Livestream Commerce: An Online Shopping Phenomenon from China Goes Global

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Livestream Commerce: An Online Shopping Phenomenon from China Goes Global

This article was originally published in the World Retail Congress’ 2021 mid-year report “Retailing in a Time of Crisis.” The report focuses on how the year has fared so far in 2021 and what retail will have to embrace and endure to survive. You can download the full report here for more analysis and interviews from retail thought leaders.

When Kim Kardashian West, the American reality TV star, social media icon, and businesswoman launched her namesake fragrance in China, she didn’t need to hop on her private jet and host a glitzy event in Shanghai. Instead, she donned a black turtleneck and her signature raven waves, and sat down in front of an iPhone in a suite at the Ritz Carlton in New York City. In just minutes, Kardashian reached more than 13 million Chinese consumers and sold out of her entire stock of lip-shaped perfume bottles.

That is the power of livestream shopping in China today. Kardashian tapped the audience of mega influencer Viya Huang, who commands an audience of more than 74 million followers. There are thousands of livestream influencers like Huang in China, many with their own specialties and curated audiences that brands turn toward to boost sales.

But livestream shopping is not just limited to the professionals. Increasingly, brand executives and employees are also livestreaming directly to their consumers. Even farmers are getting in on the action to showcase the provenance of agricultural products. In 2021, the livestream shopping market in China is expected to reach RMB 2 trillion, or more than US$300 billion. So just how did livestreaming become the most powerful brand-building and sales tool in China today?

Its origins date back to 2016 when a young product manager at Alibaba was looking for new ways to make e-commerce more like in-store shopping. At the time, e-commerce was mostly text and static photos, while livestreaming was big in gaming. She had the aha moment to combine the two to replicate the experience of interacting with a sales associate.

That idea turned into the birth of Taobao Live, Alibaba’s dedicated livestream shopping channel. On Taobao Live, consumers can watch their favorite influencers or brands on a livestream, learn about products or trends, ask questions and get real-time answers, and buy right then and there without leaving the stream. The technology removes friction between discovery and shopping, offering a seamless experience unlike any other.

It quickly became one of the most effective tools to drive sales. Take floorcare brand Bissell as an example. During Alibaba’s 11.11 Global Shopping Festival in 2020 – the world’s largest shopping event – the 143-year-old family-owned business hosted 16 straight hours of livestreaming to demonstrate its vacuums and other products. Livestreaming helped the brand to more than quadruple its sales from a year earlier. And Bissell is not alone. From 2017 to 2020, sales generated by Taobao Live grew triple digits every year. As of March 2021, the total value of products sold in the last twelve months on Taobao Live surpassed RMB500 billion, or US$76.3 billion.

Beyond sales, brands find that livestreaming gives them the ability to connect with consumers in ways that haven’t been possible in any environment – online or offline. The livestreaming platform gives brands instant consumer feedback that informs their marketing strategies and even product development.  “We can introduce new products, we can talk about different features, optimize the brand story,” said Max Bissell, Vice President of Bissell. “That’s been a powerful aspect for us.”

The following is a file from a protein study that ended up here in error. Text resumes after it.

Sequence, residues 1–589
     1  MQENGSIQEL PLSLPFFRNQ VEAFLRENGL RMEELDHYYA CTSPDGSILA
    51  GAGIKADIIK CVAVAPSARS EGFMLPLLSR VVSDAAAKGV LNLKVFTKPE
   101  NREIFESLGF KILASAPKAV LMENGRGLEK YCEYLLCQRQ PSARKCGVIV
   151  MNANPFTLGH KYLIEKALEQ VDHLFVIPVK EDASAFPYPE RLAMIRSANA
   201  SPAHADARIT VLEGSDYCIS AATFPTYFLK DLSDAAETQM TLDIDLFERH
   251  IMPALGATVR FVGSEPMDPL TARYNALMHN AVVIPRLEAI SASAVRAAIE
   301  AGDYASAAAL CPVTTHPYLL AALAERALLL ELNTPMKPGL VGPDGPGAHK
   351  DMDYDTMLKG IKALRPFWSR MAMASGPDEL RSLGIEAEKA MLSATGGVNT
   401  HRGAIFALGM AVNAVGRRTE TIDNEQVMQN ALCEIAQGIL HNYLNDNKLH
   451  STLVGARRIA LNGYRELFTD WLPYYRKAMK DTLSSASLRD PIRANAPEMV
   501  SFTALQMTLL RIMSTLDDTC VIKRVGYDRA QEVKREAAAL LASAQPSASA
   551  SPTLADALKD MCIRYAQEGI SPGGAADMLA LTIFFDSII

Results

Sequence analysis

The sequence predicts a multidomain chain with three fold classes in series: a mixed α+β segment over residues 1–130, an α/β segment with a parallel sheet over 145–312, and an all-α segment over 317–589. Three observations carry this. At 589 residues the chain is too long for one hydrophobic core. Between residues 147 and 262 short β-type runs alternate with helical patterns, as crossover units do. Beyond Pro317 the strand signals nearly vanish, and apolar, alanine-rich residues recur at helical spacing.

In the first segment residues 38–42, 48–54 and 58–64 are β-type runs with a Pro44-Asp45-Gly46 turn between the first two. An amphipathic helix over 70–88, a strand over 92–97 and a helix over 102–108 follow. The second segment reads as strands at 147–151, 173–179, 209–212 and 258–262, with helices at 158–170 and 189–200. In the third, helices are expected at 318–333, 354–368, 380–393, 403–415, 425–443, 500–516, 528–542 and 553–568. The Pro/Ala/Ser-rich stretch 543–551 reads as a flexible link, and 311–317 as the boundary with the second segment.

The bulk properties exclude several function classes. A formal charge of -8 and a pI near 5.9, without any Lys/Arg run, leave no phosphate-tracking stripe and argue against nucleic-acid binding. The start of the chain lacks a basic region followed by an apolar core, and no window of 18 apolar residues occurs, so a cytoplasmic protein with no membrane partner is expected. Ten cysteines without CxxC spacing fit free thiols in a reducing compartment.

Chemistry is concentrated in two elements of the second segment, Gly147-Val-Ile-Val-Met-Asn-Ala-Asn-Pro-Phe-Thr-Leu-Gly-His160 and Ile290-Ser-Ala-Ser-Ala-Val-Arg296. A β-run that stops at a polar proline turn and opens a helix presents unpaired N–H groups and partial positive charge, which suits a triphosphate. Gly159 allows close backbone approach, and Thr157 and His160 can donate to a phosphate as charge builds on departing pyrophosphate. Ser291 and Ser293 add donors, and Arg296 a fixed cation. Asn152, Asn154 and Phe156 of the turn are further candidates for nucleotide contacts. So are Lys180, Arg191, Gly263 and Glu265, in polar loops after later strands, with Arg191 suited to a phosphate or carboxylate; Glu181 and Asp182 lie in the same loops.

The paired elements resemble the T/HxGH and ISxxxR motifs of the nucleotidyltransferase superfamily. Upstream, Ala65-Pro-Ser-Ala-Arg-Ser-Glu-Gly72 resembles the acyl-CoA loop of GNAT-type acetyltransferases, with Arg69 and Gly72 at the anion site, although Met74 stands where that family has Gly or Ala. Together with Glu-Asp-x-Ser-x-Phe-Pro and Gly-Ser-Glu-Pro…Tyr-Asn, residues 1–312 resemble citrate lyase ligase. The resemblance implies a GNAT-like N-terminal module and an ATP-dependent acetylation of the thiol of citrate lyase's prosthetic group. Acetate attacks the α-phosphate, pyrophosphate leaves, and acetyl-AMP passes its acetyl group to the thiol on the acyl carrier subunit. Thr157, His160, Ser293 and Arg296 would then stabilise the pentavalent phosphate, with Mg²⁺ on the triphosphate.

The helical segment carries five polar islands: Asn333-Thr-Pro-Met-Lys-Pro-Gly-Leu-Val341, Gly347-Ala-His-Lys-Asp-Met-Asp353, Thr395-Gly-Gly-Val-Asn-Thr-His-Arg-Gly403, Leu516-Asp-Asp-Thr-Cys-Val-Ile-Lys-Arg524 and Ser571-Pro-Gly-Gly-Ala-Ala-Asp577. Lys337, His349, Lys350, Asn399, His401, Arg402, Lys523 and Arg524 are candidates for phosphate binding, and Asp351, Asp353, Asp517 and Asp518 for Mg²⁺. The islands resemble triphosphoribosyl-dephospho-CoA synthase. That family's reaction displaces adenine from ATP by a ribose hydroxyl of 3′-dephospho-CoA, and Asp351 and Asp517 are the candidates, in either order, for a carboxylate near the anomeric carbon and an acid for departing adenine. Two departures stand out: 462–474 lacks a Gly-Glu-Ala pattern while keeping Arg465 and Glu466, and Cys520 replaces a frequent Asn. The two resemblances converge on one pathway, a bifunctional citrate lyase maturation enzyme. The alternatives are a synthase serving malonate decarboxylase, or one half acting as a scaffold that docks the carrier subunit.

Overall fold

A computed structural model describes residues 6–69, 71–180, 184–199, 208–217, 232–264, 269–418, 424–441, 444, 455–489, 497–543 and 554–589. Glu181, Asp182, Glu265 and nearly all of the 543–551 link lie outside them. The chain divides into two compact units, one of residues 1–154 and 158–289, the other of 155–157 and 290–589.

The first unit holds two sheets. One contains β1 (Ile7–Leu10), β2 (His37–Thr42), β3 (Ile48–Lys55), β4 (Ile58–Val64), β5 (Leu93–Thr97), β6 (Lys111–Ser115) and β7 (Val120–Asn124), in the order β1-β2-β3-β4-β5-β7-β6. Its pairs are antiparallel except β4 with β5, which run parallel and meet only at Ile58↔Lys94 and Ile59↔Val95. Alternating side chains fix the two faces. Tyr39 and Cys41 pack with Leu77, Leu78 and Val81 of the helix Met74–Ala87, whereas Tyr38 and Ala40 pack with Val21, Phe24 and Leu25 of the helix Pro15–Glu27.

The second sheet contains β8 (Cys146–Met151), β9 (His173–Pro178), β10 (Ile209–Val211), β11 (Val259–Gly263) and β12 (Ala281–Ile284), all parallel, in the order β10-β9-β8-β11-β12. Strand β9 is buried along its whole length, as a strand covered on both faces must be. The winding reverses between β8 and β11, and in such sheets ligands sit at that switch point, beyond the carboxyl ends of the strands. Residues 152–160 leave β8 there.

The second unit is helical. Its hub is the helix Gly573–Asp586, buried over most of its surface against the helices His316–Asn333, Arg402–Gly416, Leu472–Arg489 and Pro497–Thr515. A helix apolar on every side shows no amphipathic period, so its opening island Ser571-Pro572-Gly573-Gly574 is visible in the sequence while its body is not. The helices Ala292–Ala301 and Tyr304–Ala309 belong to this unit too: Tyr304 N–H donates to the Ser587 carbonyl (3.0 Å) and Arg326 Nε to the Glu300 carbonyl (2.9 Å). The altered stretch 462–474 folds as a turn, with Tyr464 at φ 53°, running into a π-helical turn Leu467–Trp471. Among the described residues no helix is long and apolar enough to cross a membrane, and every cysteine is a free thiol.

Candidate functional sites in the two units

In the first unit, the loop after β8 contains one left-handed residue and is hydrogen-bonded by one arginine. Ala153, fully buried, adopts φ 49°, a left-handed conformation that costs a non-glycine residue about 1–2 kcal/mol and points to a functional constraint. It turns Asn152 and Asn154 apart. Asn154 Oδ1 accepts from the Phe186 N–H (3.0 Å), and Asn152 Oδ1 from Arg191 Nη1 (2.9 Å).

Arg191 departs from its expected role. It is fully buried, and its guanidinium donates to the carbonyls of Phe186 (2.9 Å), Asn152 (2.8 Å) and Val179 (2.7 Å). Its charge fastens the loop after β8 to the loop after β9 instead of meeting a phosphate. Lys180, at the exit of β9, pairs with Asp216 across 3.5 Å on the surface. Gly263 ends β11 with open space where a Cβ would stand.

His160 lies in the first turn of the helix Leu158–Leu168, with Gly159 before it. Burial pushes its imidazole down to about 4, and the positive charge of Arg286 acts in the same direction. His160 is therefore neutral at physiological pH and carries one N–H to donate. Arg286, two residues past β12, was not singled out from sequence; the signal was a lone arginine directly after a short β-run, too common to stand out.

No one predicted how important livestreaming would become over the past year. When Covid-19 hit, brands and retailers around the world faced the biggest disruption in decades. They needed a way to connect with shoppers who were not able to visit physical stores, and livestreaming was the answer. Farmers used livestreaming to sell their fresh produce directly to family dinner tables. Department store sales associates became livestream hosts and promoted products from home during the lockdown. Even some of the world’s most famous museums, such as the British Museum and the Louvre, livestreamed behind-the-scenes tours to stay top-of-mind to potential travelers. Taobao Live became a window to the outside world for Chinese consumers – and a lifeline for businesses large and small.

In its first-ever livestream last year, French luxury house Cartier gave more than 770,000 viewers an inside peek at an exclusive exhibition of its jewelry collection, including a necklace valued at nearly $30 million. Livestreaming allowed the luxury house to build a direct connection with China’s luxury-driven consumers, especially Gen Z shoppers. Cartier became one of the first luxury brands to reach the RMB100 million (USD$15 million) transaction milestone during Alibaba’s 2020 11.11 Global Shopping Festival.

As brands and retailers reap the benefits of livestreaming in China, they are beginning to experiment with the technology in other markets around the world. Nearly two years after her Taobao Live debut, Kim Kardashian West recently started to feature her products in her livestreams. While it may be too early to predict whether livestream shopping will catch on in the West, the massive success of Taobao Live in China offers a glimpse into the future and of what’s possible.

Kim KardashianLivestreamingRetailRetail Innovation
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